Do you have any exhibiting experience?
None.. Only portfolio presentation for The Photo School. I'm hoping to have an exhibition running in Hamilton over summer- fingers crossed!

What inspires you?
Mostly light... When I see how the light is hitting something at a certain time of day, or if it's reflecting off something. The most important thing in photography is lighting. I get inspired by things that are a bit shocking. For example the 'Avoid Rape' shoot and the 'Eat Meat' shoot.

Who are your favourite photographers?
Peter Coulson is my absolute favourite photographer, he's amazing. Also, Rena Effendi, she's a documentary photographer and her series 'Full Circle' of transgenders in Istanbul is great.

What is your favourite subject to photograph?
I like working with models. I don't enjoy still life so much, and I couldn't be a portrait or family photographer because I have trouble directing people who don't know how to pose. I like to take photos that make people think.

How do you go about finding models for your work?
Models can be really rare, especially if you're asking her to take her clothes off and put on a mask or something... I have a lot of wonderful friends who volunteer from time to time, or I use Facebook to send out the word and I'll usually get someone interested.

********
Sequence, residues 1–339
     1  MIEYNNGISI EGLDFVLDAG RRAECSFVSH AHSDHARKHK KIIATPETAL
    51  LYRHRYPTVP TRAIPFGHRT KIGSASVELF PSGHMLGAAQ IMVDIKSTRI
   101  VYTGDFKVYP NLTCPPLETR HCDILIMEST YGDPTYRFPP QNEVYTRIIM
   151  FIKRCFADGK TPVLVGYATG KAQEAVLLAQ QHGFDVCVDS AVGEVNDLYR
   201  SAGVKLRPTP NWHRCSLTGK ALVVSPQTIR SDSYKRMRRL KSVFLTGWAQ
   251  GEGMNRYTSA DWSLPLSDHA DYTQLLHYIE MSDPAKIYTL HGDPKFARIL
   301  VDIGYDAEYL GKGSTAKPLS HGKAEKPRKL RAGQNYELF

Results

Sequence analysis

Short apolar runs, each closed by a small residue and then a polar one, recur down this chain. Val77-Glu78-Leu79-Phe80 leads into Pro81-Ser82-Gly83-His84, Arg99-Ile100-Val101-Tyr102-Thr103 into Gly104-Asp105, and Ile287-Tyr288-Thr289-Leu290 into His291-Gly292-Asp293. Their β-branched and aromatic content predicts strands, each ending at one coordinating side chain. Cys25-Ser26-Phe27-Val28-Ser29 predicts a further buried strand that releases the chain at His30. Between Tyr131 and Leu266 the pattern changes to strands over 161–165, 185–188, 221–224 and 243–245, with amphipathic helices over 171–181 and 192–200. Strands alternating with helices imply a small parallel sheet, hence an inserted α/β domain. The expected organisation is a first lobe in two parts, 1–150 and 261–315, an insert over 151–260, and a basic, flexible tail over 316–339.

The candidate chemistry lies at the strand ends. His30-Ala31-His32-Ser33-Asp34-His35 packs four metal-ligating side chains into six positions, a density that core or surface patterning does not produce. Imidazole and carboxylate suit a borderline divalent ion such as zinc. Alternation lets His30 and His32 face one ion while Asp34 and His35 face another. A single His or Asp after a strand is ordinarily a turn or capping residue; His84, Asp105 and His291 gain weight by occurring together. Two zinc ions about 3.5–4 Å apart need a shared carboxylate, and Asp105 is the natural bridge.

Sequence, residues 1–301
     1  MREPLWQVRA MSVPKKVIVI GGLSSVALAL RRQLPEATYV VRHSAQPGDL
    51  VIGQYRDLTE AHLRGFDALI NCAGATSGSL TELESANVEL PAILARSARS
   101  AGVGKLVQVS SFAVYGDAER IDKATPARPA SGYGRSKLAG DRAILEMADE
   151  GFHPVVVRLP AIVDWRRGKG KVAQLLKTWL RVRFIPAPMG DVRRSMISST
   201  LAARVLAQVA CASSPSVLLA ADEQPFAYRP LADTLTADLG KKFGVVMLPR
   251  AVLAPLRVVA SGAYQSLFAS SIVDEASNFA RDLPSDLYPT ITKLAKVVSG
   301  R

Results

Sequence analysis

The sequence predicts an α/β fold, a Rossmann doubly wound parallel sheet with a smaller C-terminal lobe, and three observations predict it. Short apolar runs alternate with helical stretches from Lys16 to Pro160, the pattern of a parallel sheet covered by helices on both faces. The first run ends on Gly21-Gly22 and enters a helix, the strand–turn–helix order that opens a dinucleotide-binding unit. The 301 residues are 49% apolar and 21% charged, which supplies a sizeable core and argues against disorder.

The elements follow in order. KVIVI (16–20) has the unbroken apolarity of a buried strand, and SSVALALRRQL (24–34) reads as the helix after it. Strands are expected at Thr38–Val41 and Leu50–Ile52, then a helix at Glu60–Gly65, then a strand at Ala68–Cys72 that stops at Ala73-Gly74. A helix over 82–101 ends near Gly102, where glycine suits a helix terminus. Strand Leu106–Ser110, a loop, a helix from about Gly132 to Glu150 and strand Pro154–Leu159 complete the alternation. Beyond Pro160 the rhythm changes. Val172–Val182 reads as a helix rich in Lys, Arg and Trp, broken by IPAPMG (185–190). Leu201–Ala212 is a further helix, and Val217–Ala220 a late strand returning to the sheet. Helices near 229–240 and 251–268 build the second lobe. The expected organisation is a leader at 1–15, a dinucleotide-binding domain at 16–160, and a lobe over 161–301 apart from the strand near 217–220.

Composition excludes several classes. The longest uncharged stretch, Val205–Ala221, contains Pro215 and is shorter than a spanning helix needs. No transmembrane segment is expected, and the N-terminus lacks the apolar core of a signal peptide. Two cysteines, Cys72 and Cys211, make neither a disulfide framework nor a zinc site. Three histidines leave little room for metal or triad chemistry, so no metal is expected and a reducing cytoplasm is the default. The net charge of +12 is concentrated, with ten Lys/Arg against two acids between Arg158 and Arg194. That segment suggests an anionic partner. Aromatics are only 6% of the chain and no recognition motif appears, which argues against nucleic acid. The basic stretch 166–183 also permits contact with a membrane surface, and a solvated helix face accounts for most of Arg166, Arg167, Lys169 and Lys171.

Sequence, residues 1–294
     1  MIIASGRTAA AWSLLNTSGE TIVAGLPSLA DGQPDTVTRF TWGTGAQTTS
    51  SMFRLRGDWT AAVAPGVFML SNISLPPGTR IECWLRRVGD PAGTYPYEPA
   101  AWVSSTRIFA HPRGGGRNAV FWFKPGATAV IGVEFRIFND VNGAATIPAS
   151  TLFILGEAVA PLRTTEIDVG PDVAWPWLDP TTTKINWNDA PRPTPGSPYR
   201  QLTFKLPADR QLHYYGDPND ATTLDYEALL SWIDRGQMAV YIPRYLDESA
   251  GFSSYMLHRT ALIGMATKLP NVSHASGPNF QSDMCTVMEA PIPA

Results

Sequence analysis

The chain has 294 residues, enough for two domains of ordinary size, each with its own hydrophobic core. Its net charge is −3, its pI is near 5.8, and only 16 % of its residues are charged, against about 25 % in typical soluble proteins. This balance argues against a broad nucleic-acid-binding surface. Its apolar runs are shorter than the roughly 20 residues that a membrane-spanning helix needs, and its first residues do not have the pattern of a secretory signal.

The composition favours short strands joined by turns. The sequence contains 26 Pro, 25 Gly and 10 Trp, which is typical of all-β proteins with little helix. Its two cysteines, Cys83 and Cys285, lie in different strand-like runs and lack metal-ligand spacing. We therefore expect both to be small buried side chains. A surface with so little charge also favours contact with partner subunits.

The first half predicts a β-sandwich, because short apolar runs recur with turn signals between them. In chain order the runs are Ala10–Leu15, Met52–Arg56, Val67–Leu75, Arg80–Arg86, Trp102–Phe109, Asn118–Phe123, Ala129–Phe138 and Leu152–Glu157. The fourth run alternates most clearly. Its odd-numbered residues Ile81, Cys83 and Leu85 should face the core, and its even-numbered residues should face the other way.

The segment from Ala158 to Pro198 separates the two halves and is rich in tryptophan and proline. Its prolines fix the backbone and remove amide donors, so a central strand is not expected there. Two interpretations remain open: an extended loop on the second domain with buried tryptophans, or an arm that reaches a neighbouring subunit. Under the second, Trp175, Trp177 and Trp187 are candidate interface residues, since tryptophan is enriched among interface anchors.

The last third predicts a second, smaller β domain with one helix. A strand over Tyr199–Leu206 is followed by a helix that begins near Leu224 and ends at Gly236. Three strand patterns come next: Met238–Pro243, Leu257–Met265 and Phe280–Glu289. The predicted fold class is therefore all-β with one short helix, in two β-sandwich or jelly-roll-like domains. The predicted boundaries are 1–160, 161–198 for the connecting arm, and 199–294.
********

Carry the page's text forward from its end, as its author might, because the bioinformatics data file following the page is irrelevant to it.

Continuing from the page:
Do you find it easier to shoot with strangers or people you already know?
It doesn't make a lot of difference to me, I am the photographer and they are the model. But I think for my nude and semi-nude shoots the models feel more comfortable if they know me personally.

During a shoot with a model, many photos would you take to find 'the right one'?
Anywhere from 40 - 100. It depends on how the shoots going and how complicated the set up is.

Did you study photography during your high school education?
Fairfield College doesn't offer photography as a subject, which I think is a real shame, but in my last year of highschool some of us students and a teacher who is into photography set a sort of photo club, and we would organise shoots for the weekend etc. In some ways I think this was better than a structured photography class because it was more hands on (and no written work!) During highschool I also did a work placement at Waikato Hospital with the Medical Photographers, where I learnt heaps.

Have you experimented with any other forms of art?
Only in a photography related way... Toning and dying prints, painting and drawing on prints etc.

How would you describe your photography style?
A bit shocking sometimes... When people see my more controversial images they're not quite sure what to say at first.

Do you have one photograph that's your favourite?
My most recent work is always my favourite... So probably 'Eat Meat' is at the top of the list at the moment. Oh, or this photo I took of a friend at a hardcore show, just because it always cracks me up...

What would you like to be photographing in five years time?
In five years I'm hoping to be making a steady income from photography, hosting galleries and exhibitions, and generally doing what I love!